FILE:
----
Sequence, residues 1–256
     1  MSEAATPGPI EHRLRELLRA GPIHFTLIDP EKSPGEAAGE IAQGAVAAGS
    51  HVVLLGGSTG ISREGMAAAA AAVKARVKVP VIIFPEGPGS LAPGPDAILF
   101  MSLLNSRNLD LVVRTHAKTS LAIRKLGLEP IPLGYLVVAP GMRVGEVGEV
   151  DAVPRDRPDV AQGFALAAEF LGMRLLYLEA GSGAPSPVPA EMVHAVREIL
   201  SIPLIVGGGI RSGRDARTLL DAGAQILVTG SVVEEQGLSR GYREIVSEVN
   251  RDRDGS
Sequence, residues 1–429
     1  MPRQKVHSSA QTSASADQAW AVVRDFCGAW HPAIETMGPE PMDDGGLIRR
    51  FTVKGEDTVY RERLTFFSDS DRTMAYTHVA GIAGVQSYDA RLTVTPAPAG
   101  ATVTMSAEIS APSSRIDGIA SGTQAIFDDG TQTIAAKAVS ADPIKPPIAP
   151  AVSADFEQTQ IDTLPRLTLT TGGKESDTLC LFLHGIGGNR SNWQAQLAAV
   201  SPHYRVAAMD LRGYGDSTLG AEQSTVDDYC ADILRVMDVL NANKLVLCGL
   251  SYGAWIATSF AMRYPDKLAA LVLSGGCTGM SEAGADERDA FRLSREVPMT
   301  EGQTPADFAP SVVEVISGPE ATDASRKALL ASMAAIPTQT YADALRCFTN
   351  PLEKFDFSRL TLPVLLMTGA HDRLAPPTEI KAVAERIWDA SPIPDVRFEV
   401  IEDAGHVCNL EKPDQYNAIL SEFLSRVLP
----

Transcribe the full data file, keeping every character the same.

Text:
Sequence, residues 1–256
     1  MSEAATPGPI EHRLRELLRA GPIHFTLIDP EKSPGEAAGE IAQGAVAAGS
    51  HVVLLGGSTG ISREGMAAAA AAVKARVKVP VIIFPEGPGS LAPGPDAILF
   101  MSLLNSRNLD LVVRTHAKTS LAIRKLGLEP IPLGYLVVAP GMRVGEVGEV
   151  DAVPRDRPDV AQGFALAAEF LGMRLLYLEA GSGAPSPVPA EMVHAVREIL
   201  SIPLIVGGGI RSGRDARTLL DAGAQILVTG SVVEEQGLSR GYREIVSEVN
   251  RDRDGS
Sequence, residues 1–429
     1  MPRQKVHSSA QTSASADQAW AVVRDFCGAW HPAIETMGPE PMDDGGLIRR
    51  FTVKGEDTVY RERLTFFSDS DRTMAYTHVA GIAGVQSYDA RLTVTPAPAG
   101  ATVTMSAEIS APSSRIDGIA SGTQAIFDDG TQTIAAKAVS ADPIKPPIAP
   151  AVSADFEQTQ IDTLPRLTLT TGGKESDTLC LFLHGIGGNR SNWQAQLAAV
   201  SPHYRVAAMD LRGYGDSTLG AEQSTVDDYC ADILRVMDVL NANKLVLCGL
   251  SYGAWIATSF AMRYPDKLAA LVLSGGCTGM SEAGADERDA FRLSREVPMT
   301  EGQTPADFAP SVVEVISGPE ATDASRKALL ASMAAIPTQT YADALRCFTN
   351  PLEKFDFSRL TLPVLLMTGA HDRLAPPTEI KAVAERIWDA SPIPDVRFEV
   401  IEDAGHVCNL EKPDQYNAIL SEFLSRVLP